As Springfield Hospital Struggles, Town Also Works To Reinvent Itself
The town of Springfield has struggled with declining jobs and population loss since long before news broke that one of its largest employers, the local hospital, is losing money. If Springfield Hospital closes, it would be a blow to a community that’s been trying to reinvent itself.
Josh Dufresne wants to see Springfield Hospital survive. He's worked there for 14 years, but can trace his ties back even further.
“I was born here in 1977 in Springfield, Vermont, in this hospital,” Dufresne said recently. “Actually maybe in this office that we’re sitting in right now, which is a little weird.”
Dufresne was named acting CEO of Springfield Medical Care Systems when the former CEO resigned following news that the hospital lost $14 million over the past two years.
Dufresne remembers when Springfield was a bustling center for making precision machine parts that were sold all over the world. The hospital rode that wave through two World Wars and then the booming '50s and '60s.
But most of the machine shops are now closed, and Dufresne said the hospital can’t survive by doing business as usual.
“Part of it is the realization that [the] Springfield area has changed. It’s not what it once was,” Dufresne said. “And it’s going to force us to change as a health care organization to stay alive.”
From 2006 to 2016, Springfield Hospital saw its number of inpatient discharges decline by more than 20 percent. Meanwhile about 700 people work at Springfield Hospital, making the hospital one of the largest employers in town.
And so they are intertwined: Springfield’s economy needs the hospital, and the hospital needs a vibrant Springfield.
But downtown Springfield is in rough shape. When you drive in you go by lines of abandoned factories, and there are plenty of empty stores fronting rundown buildings along Main Street.
Springfield Hospital can take on all of the cost-saving measures it wants, but if the town doesn’t bring in more young families it might all be for naught.
Each month, the Springfield Regional Chamber of Commerce holds a mixer to bring business owners and employees together. The gathering in March was held at Flying Crow Coffee, Springfield’s newest downtown retail establishment.
Ben Bolaski came out for the chamber mixer. He said Springfield is behind the efforts to save the hospital.
“I think the people in Springfield are really resilient,” Bolaski said. “And we’re a pretty hearty bunch after what we’ve been through in the past. And I think the whole community is really rallying around kind of the efforts at the hospital right now to keep things moving forward, and make sure that, you know, it doesn’t come to the worst.”
Bolaski, 29, is exactly the kind of person Springfield officials want to attract. He grew up here, moved away and then returned. Bolaski works in the solar industry, and he just bought a house in town.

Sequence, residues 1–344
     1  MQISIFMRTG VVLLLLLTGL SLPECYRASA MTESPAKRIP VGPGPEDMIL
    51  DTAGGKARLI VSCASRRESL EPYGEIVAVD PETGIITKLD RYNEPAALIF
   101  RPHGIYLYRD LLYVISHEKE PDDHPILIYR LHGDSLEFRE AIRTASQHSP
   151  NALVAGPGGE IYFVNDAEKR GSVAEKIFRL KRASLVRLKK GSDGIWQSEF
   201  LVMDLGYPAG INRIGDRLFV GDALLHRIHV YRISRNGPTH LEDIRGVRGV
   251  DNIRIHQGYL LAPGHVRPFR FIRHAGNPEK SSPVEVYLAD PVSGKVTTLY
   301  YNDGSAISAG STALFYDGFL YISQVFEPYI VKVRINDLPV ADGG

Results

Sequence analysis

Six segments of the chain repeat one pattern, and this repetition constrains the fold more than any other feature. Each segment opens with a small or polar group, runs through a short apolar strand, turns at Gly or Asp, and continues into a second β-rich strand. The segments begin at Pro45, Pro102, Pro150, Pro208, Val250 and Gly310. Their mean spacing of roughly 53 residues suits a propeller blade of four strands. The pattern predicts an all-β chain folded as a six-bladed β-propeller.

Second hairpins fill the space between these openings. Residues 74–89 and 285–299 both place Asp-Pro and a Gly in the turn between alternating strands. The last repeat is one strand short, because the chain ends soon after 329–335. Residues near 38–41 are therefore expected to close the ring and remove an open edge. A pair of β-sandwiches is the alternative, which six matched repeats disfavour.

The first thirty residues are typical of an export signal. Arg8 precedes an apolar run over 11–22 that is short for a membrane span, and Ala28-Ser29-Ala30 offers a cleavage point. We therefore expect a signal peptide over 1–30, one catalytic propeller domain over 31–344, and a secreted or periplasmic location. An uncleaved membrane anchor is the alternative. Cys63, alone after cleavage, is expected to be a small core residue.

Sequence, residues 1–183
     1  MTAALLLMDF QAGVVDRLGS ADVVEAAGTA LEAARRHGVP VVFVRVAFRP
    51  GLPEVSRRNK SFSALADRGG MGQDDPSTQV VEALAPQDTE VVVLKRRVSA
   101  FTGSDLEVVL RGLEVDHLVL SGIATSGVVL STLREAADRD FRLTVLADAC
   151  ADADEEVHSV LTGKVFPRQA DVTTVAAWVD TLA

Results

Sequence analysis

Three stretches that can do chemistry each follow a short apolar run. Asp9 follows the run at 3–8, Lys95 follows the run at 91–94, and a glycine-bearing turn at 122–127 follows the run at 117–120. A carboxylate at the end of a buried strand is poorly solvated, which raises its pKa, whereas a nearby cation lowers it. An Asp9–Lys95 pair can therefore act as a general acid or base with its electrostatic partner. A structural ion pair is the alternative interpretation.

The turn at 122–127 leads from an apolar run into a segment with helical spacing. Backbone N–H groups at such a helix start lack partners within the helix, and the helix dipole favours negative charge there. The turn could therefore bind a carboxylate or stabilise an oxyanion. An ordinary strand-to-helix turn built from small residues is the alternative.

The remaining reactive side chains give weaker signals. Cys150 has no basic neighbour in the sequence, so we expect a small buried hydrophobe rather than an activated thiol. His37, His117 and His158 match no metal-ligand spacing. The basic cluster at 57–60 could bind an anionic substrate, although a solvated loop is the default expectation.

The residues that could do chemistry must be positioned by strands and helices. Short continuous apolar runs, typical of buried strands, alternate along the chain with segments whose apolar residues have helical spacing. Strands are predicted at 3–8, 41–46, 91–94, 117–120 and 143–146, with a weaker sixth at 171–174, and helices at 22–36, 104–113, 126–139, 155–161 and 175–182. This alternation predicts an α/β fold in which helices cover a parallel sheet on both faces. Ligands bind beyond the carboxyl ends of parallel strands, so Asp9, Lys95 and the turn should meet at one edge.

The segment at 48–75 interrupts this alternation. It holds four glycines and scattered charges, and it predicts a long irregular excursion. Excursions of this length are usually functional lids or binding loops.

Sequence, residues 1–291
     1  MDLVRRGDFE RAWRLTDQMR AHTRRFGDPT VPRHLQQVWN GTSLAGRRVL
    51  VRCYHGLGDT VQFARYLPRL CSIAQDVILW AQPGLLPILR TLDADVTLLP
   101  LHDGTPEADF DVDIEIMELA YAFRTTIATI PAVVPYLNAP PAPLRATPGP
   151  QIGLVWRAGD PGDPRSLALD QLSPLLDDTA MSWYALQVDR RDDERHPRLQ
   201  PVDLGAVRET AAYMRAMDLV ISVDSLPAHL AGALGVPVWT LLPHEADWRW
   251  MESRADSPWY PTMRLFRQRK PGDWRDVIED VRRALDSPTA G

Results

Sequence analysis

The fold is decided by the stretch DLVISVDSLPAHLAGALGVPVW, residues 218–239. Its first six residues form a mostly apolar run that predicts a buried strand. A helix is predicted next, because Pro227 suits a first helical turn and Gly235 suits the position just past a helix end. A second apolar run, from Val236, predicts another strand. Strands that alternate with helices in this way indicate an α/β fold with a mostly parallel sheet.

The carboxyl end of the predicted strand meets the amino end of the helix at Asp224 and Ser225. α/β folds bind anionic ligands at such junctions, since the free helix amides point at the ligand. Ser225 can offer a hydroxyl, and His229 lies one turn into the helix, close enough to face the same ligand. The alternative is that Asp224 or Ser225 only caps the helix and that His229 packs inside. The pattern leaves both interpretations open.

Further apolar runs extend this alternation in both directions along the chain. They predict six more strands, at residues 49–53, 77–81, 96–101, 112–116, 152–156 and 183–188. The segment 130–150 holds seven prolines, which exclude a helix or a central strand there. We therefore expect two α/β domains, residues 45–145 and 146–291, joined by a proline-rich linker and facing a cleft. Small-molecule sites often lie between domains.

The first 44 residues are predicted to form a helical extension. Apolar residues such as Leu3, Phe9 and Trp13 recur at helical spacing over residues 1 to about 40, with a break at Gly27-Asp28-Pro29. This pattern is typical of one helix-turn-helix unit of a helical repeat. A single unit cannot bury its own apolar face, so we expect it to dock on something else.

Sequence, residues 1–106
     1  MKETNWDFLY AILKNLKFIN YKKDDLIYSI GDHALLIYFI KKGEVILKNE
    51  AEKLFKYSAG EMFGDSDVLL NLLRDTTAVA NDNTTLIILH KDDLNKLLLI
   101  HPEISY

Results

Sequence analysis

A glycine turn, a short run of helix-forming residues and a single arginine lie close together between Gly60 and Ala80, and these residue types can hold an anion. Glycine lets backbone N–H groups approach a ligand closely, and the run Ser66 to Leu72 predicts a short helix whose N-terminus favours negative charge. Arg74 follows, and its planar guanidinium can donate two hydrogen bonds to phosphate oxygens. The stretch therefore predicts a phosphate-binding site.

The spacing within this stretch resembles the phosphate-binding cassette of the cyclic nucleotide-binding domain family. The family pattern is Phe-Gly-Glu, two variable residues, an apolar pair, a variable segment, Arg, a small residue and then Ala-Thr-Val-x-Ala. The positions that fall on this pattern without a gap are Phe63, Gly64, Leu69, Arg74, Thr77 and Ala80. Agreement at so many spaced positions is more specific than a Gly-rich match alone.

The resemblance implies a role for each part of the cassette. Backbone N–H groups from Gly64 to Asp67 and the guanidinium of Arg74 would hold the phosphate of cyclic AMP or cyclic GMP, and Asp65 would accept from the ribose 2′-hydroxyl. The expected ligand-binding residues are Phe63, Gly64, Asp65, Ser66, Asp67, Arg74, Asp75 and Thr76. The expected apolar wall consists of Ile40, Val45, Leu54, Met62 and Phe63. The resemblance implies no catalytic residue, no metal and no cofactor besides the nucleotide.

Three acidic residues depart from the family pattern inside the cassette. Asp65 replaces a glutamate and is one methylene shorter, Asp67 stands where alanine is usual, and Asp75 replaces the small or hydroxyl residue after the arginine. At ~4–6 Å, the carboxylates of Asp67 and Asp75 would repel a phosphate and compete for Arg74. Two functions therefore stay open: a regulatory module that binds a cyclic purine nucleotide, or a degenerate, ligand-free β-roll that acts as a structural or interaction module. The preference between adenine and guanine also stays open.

He said Springfield’s been through a lot, and it’s easy to see all of this bad news about the hospital as just the latest challenge. But Bolaski said younger folks like him are ready to change the narrative.
“I think for a while people were, you know, really devastated by all the gear shapers and the shops closing in Springfield. And I think it took a while for the town to kind of get over the fact that we were no longer kind of the economic powerhouse that we once were,” said Bolaski. “And so now, you know, I think there’s this renewal here downtown.”
"I think the people in Springfield are really resilient. ... And I think the whole community is really rallying around kind of the efforts at the hospital right now to keep things moving forward." — Ben Bolaski, Springfield resident
The town has a long list of development projects in the queue, though it’s still not clear if the money will come through for all of it.
There’s a downtown park and affordable housing project in the works, as well as some ambitious plans for a high-tech business incubator.
Laurentiu Traineanu owns a few buildings downtown and is on the steering committee that’s trying to get some of these projects off the ground. Traineanu said he has faith that if the projects succeed and young families move to town, the hospital will feed off that success.
“I’m sure the economic development will help them. I mean the health system, the Springfield Hospital, was built on the shoulders of the machine tool industry in Springfield,” Traineanu said. “Hopefully if we bring new businesses and new development in downtown, people do need a hospital. And so the more young people we can retain in this area, the better the hospital is going to do.”
Springfield Hospital laid off 27 people recently as part of its cost-cutting measures, and the decision last week to close the hospital’s childbirth center was seen as a blow to bringing in young families.
But up on the hill where the hospital sits, administrators are working on ways to keep the doors open. At the same time, the business community downtown will continue pushing forward.